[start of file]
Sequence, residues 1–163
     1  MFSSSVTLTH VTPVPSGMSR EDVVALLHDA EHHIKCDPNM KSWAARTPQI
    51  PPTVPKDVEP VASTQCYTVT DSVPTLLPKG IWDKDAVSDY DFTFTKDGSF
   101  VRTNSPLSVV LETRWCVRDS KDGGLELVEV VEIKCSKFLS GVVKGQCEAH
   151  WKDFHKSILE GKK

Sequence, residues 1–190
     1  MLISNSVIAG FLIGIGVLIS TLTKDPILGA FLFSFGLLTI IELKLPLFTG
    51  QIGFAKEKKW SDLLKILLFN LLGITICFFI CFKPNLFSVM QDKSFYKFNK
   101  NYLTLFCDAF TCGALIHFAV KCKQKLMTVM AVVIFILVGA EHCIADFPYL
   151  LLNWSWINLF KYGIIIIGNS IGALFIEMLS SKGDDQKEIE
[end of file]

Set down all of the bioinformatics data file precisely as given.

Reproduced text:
Sequence, residues 1–163
     1  MFSSSVTLTH VTPVPSGMSR EDVVALLHDA EHHIKCDPNM KSWAARTPQI
    51  PPTVPKDVEP VASTQCYTVT DSVPTLLPKG IWDKDAVSDY DFTFTKDGSF
   101  VRTNSPLSVV LETRWCVRDS KDGGLELVEV VEIKCSKFLS GVVKGQCEAH
   151  WKDFHKSILE GKK

Sequence, residues 1–190
     1  MLISNSVIAG FLIGIGVLIS TLTKDPILGA FLFSFGLLTI IELKLPLFTG
    51  QIGFAKEKKW SDLLKILLFN LLGITICFFI CFKPNLFSVM QDKSFYKFNK
   101  NYLTLFCDAF TCGALIHFAV KCKQKLMTVM AVVIFILVGA EHCIADFPYL
   151  LLNWSWINLF KYGIIIIGNS IGALFIEMLS SKGDDQKEIE